How Could We Have Been So Clueless?
by Peter Godwin
For people interested in the colonial history of Africa, and in how certain countries got to the point where they are today, this is an excellent choice for reading. Godwin has a more current book out,When a Crocodile Eats the Sun , that I hope to read at some point as well. Mukiwa is about his childhood and young adult years as a British citizen living in what was then Rhodesia (and is now Zimbabwe). Godwin was firmly entrenched in the life of white Rhodesia - he went to white schools and was enmeshed in British culture. However, his parents did not see colonialism as a good long-term way of life for Rhodesia, and were among the few whites who supported turning Rhodesia over to majority/native rule. For that reason, Peter Godwin always, even as a young child, perceived the oddity of white privilege and rule. He acknowledges his own participation in that privilege, and the ways that he benefited from it, but is and was much more aware of the inherent unfairness of colonialism than your average British kid. As an adult, he found a way (journalism) to express this injustice and make the wider world more aware of it.
Mukiwa shows us Godwin's struggle as he is drafted into the Rhodesian army (he trained as a police officer) in his late teens and tries to do what he can to develop good relationships with black Rhodesians and to deal with them fairly and honestly in spite of the inequality built into the relationship from the start. Godwin also traces the beginning of Zimbabwe as an independent country (beginning in the early 1980s) and the hope and optimism that characterized that time period. Sadly, it did not take long for old tribal conflicts to emerge in brutal, vicious ways and the government seized the opportunity to solidify their own power by means of fear and intimidation.
Mukiwa is relevant right now, as Zimbabwe struggles to become a true democracy. This book gives us a lot of background as to how they got to this point. Their first prime minister, Robert Mugabe, now in his 80s, continues to hold onto power by means of torture and murder even though he has been defeated in a democratic election. Meanwhile, the country faces the worst economy on the planet and an outbreak of cholera that so far has killed several hundred people.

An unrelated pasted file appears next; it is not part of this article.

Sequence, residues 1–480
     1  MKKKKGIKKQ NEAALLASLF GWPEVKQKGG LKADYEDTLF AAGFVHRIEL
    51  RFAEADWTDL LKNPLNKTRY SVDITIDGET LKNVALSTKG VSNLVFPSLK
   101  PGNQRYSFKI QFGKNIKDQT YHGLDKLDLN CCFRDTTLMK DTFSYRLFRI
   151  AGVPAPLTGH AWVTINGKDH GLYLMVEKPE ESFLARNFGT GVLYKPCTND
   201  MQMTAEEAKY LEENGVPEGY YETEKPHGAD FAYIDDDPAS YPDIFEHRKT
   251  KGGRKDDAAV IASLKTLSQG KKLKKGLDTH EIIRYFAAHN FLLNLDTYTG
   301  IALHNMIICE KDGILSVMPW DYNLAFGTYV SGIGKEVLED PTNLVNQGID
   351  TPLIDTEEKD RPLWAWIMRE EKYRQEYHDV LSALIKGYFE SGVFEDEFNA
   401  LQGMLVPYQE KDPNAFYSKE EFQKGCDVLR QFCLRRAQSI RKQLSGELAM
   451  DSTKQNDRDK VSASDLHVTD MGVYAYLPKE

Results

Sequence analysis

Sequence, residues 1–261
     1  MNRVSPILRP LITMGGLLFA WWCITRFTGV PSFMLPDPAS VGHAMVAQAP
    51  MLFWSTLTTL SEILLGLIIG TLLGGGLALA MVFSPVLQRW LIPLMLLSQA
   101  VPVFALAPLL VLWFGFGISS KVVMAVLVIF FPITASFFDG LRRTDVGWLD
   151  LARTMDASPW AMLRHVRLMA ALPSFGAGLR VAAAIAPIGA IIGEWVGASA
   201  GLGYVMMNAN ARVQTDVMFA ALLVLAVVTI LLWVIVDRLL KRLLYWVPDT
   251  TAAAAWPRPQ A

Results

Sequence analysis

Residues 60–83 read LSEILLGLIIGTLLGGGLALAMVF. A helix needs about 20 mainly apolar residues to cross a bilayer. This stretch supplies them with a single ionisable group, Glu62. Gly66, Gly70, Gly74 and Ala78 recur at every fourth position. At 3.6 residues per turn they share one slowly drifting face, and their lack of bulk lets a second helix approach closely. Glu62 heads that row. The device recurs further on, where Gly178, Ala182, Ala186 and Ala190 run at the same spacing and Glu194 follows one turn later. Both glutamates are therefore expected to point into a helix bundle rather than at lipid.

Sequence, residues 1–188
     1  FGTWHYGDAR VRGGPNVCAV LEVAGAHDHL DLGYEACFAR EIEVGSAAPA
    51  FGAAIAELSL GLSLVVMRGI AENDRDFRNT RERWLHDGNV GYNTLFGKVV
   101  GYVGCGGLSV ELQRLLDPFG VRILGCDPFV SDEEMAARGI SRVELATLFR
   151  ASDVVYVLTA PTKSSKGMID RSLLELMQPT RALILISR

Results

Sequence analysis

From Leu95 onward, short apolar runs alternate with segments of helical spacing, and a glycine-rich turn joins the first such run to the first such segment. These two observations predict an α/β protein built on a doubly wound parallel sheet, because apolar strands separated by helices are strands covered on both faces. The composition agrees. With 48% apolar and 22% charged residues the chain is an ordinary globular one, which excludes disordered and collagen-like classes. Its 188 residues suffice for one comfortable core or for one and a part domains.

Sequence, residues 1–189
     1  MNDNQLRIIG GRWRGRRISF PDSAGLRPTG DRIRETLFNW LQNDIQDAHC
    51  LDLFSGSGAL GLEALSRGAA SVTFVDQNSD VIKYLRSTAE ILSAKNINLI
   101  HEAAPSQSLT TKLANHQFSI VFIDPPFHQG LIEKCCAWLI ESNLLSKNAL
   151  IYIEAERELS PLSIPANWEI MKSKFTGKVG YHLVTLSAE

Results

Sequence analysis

Godwin's book also forces white people to take a hard look at our own contributions to the misery of Zimbabwe and other African countries. I do not take personal responsibility for colonialism, as it went on for several centuries, but I do wonder how we as a people could have been so clueless to let it go on for as long as it did. I mean I get it about the resources available in Africa and the reasons why England and France and other countries would go to almost any means to get their hands on those resources (I may not like it, but I can understand it), but it amazes me that white people could not see that such a system could not sustain itself indefinitely. Plus our sense of entitlement is just staggering.
Mukiwa and other books like it go way beyond the parameters of memoir - it is history and social commentary and even a little bit of theology as well. Those of us who read these books inevitably must ask ourselves the question now "What can we do to help make things right?" Zimbabwe needs our prayers now as much as ever, but there must be something else we can do to ease the suffering of her people. Suggestions?